Seaborne freight is still experiencing low rates due to limited cargo volume in a general global economic slowdown, according to the latest MID-SHIP Report. Dry bulk market rates have been at historic lows this year as operators struggle with low demand and vessel oversupply.
The Baltic Dry Index stood at 721 on Oct. 30, falling from 888 at the beginning of the month. The BDI is the weighted composite index of the Cape, Panamax and Supra indices. The BDI tracks shipping rates for dry bulk cargos like iron ore, coal and grain and is considered a barometer for global steel trade.
Barges rates for Southbound export grain are trading at 350, down from 450 two weeks ago. U.S. farmers have seen a drop in export demand which is forcing them to store or sell crops to the ethanol market. Northbound freight demand is also slow, with decreases seen in steel sector products, writes MID-SHIP.
Rain from Hurricane Patricia caused high water and flooding in some areas of Texas and Louisiana, disrupting river navigation. The Northeast also was affected with high water levels on the Ohio River that, although causing delays, could be a boon to low water conditions on the Lower Mississippi.
DAT Trendlines reports flatbed load availability fell 7.3 percent on the spot market during the week ending Oct. 24. Load to truck ratio fell from 10.3 to 9.2 loads per truck although the national average rate of $2.00 per mile held steady. Diesel fuel prices averaged $2.498 per gallon as of Oct. 26, down $0.033 from the previous week.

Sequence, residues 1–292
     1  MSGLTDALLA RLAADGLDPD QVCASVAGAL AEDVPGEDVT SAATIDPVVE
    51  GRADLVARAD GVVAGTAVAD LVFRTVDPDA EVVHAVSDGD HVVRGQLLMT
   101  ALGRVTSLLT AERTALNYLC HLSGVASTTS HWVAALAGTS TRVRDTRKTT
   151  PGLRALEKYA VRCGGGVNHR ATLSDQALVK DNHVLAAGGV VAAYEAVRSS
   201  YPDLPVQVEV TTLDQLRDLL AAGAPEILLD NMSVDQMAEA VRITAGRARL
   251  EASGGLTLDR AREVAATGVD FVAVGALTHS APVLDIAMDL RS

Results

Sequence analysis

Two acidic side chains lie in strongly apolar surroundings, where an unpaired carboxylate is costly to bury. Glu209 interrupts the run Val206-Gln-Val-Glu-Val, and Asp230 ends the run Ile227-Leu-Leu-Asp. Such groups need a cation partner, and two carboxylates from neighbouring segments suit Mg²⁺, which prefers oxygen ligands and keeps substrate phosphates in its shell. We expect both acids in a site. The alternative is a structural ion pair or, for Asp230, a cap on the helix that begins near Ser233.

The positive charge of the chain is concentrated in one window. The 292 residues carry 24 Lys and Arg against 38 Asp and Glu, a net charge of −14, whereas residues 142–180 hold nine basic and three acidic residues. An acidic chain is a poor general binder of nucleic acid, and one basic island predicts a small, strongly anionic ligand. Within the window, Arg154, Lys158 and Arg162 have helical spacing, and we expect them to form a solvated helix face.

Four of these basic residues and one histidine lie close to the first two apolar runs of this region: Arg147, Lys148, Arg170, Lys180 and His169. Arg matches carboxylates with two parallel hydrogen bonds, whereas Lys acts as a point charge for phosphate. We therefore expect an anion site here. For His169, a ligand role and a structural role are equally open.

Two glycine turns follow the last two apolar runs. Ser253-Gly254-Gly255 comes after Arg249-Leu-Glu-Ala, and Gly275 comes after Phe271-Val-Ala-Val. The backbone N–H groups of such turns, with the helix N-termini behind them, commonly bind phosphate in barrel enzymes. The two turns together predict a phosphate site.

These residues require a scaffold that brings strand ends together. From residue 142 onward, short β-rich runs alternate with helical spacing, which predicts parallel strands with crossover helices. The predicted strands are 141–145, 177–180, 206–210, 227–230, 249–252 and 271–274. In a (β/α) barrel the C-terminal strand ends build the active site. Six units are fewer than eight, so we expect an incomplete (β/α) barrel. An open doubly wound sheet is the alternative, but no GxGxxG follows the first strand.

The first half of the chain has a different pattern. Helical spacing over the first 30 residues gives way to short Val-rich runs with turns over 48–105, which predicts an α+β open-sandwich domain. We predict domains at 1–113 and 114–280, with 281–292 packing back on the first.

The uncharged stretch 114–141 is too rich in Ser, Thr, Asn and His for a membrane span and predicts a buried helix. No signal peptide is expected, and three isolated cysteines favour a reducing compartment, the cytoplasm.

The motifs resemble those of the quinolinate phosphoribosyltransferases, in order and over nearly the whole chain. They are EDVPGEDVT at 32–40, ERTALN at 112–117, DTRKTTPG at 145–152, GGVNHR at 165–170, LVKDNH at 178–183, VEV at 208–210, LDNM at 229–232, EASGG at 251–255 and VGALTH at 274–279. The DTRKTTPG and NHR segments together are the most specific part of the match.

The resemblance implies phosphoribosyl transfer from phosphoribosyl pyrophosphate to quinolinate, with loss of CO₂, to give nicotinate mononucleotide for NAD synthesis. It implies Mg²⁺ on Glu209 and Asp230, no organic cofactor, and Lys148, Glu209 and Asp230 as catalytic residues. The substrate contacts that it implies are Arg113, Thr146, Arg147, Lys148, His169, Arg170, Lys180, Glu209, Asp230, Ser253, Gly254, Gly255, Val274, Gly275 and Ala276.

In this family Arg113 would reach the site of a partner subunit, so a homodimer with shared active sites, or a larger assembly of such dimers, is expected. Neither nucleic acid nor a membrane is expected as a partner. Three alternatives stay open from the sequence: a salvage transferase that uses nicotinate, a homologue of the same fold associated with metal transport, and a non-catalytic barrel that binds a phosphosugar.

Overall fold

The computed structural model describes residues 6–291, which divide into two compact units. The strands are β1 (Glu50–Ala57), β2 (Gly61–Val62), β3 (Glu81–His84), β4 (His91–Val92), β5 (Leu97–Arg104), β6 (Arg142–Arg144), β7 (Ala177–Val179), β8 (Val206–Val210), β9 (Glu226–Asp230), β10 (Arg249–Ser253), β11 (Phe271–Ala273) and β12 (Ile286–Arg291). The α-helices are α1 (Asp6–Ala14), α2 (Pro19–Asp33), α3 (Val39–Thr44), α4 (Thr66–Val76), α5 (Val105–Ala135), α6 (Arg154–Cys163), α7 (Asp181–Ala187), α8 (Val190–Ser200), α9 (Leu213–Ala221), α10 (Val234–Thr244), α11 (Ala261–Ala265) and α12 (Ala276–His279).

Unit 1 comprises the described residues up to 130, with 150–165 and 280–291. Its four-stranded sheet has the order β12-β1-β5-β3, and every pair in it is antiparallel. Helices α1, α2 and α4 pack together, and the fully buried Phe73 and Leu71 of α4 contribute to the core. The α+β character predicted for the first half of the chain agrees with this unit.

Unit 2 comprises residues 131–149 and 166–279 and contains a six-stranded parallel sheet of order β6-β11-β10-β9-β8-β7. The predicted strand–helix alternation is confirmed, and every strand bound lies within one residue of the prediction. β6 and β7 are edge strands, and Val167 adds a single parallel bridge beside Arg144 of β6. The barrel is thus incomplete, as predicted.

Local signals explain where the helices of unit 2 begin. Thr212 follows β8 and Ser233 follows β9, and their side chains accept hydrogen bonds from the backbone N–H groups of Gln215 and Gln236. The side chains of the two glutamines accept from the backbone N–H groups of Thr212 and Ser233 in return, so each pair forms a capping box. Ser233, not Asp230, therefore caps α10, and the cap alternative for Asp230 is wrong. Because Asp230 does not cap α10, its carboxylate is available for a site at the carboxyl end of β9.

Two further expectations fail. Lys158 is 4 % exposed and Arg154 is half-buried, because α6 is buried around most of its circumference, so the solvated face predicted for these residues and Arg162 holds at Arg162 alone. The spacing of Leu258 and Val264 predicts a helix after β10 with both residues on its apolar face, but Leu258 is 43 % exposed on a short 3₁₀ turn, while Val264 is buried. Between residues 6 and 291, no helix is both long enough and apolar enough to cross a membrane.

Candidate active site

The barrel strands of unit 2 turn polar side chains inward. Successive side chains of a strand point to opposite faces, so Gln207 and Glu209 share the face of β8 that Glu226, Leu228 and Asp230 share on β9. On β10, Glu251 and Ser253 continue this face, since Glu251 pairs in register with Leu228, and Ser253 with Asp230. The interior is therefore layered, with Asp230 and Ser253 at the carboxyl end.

The trucking industry praised the House Transportation and Infrastructure Committee for passing a long-term highway bill last week and urged legislators to find the necessary funding.
ATA President and CEO Bill Graves said, ““We’re pleased the Committee’s bill clamps down on the expansion of tolling and establishes a dedicated freight fund – two positive steps not just for trucking, but for consumers, shippers and the economy. In addition, the safety reforms – from making necessary changes to the CSA safety monitoring system to allowing hair testing as part of the DOT testing program, and limited interstate access to younger commercial drivers – included in this bill are also important steps forward for our industry.”
The Transportation Investment Generating Economic Recovery (TIGER) has awarded a $25 million grant to the Indiana, Kansas, Iowa, Kentucky, Michigan, Minnesota, Ohio and Wisconsin Departments of Transportation. The grant will provide funding to help implement a regional truck parking information management system using existing ITS technology on major truck freight routes in eight states. Lack of available safe parking ranked as fifth most critical issue in the 2015 Annual Trucking Industry Survey conducted by the American Transportation Research Institute (ATRI) Parking information will be disseminated through smartphone applications, dynamic road signage, websites, and parking facilities.
The Association of American Railroads reported rail traffic for the week ending Oct. 24 was 553,144 carloads and intermodal units, down 5.6 percent year-over-year. Total carloads for the week ending Oct. 24 were 284,523 carloads, down 7.4 percent compared with the same week in 2014, while U.S. weekly intermodal volume was 268,621 containers and trailers, down 3.7 percent compared to 2014.
AAR praised the passage of HR 3819 that will extend the deadline for completing implementation of Positive Train Control. The original deadline was Dec. 31 for implementation of the GPS-based system that tracks train movement and automatically slows or stops them from entering dangerous situations. The bill extends the deadline for two years so that the rail industry can continue to test and install the system. AAR says freight railroads have spent nearly $6 billion on the program and expects to spend another $4 billion by time the system is fully operational in the U.S.
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